Very fun! My graduate school classmates professors segregated into two nodes: those with offices on the 7th floor, and those working in labs on the 1st floor. I had an office on the 7th floor, but my group did field work, so we had a small lab on the 1st floor for equipment storage and maintenance. Interesting!
It’s a very good tool – and the first visualisations I have seen for LinkedIn. There have been many ways to hook in to FB and Twitter before this. I’ve now sat with a few people looking at their results – and the colour grouping is working well (although nowhere near 100%). Unfortunately, InMaps only gives part of the picture of your Personal Network. I think I am similar to you, Nathan, in not having a high percentage of my PN in LinkedIn. I “audited” it recently and LI accounted for only 11% – and 71% of these were weak ties. I’ve done a post on this at http://wp.me/pYnfH-78
I’ve been using LinkedIn for a while so it was fascinating to explore my map. What I found were three overlapping clusters showing how tight the my connections from Silicon Valley, Yahoo, and Six Apart overlap, then a very distinct group representing my colleagues that work at Dow Jones and then finally my most recent employer, Nokia has connections scattered in between as they kind of straddle both worlds.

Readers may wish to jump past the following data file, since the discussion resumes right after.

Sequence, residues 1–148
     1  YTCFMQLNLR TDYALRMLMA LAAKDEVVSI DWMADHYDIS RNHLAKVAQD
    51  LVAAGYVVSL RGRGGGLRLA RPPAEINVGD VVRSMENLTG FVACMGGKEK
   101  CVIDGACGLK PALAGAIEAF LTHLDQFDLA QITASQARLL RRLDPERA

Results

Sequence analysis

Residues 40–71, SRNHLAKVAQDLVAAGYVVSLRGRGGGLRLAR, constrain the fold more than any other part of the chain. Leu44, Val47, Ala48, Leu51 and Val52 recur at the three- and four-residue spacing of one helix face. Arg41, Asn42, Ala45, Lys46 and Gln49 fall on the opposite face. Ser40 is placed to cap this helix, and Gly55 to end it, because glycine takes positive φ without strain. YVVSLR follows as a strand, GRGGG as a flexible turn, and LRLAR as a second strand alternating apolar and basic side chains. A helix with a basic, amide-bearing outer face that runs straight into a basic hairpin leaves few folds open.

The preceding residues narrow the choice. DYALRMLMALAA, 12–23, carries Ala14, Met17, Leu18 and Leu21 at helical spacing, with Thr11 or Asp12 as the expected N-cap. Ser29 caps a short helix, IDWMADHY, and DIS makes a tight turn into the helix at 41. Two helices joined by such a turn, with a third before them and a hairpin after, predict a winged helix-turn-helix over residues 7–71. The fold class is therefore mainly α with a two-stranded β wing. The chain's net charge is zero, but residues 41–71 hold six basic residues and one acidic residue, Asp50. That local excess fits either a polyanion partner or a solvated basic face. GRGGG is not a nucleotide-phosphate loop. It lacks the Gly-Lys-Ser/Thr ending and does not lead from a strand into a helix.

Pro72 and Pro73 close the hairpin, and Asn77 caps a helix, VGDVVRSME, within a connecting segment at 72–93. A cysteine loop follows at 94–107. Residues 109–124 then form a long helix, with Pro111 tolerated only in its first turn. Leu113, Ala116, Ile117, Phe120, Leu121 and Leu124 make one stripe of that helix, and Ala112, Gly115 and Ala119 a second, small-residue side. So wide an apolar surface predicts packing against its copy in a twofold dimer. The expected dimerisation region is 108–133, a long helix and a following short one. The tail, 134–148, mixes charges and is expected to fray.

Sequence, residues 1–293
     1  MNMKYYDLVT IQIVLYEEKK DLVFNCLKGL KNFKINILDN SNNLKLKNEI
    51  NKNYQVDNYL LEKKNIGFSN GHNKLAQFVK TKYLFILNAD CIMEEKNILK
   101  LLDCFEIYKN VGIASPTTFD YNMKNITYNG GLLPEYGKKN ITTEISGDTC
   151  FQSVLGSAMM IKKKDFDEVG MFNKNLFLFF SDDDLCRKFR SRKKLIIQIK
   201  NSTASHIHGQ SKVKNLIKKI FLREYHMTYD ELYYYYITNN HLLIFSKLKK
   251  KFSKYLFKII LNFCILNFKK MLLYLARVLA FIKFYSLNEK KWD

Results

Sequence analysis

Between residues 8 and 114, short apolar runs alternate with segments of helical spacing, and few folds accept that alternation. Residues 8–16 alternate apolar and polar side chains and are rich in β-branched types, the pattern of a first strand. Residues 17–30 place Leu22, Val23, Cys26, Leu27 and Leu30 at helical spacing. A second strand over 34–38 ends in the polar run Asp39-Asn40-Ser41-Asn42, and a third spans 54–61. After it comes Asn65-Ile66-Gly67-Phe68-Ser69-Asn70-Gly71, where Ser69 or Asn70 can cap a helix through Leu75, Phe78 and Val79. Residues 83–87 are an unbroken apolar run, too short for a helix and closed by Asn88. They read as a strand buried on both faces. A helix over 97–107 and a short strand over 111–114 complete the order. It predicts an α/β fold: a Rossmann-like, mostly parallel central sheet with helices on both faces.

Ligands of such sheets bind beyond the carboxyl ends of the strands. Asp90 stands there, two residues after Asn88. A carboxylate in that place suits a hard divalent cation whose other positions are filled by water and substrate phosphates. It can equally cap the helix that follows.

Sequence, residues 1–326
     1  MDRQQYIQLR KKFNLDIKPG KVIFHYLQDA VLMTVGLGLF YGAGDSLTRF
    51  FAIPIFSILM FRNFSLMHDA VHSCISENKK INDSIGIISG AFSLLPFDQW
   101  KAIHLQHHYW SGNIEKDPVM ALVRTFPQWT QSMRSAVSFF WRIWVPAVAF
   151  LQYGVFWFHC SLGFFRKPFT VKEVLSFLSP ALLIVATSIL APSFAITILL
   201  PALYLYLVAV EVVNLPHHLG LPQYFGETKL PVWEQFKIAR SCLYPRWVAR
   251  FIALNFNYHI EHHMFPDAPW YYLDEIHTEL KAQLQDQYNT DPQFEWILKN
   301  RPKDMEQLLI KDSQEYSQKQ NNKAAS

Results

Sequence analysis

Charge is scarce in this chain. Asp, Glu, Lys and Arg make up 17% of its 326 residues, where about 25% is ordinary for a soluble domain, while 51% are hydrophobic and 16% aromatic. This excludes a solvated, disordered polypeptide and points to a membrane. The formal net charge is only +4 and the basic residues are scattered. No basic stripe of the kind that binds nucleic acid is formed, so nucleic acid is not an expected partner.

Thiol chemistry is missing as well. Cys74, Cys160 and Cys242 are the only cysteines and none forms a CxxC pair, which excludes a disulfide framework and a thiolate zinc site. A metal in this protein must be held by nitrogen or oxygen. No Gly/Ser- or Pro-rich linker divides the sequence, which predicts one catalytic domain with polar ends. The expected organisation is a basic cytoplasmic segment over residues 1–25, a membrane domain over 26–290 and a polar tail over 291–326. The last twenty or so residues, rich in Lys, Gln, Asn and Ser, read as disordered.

Probably a total coincidence as I look at it now but all the Silicon Valley friends are on the left (West coast) while all my Dow Jones friends show up right around where you’d expect New England to be.
really enjoyed this app! I believe there is much more data to explore from within LinkedIn.
Last year I did a project on mapping my LinkedIn connections, hope LinkedIn will pick up on improving that some day….
One thing that we should note about the calculation is that this only uses the “graph” of connections. We don’t use any other information. I think that is one of the very powerful aspects of this visualization. For example, in my case, it identifies my wife’s networks, students, people I went to grad school with, etc. Additionally there are a couple of reasons why this was a challenge. A) Getting everything to work in the browser in a smooth way from small networks (come on Nathan you need to add some connections :-)) to larger networks. B) The ability to “process” as many user’s networks as they use the site. There are over 85M users and that requires some serious processing power. We’ll do a more extensive write up when we can and I can say I was surprised by how much compute power we had to apply to make this real.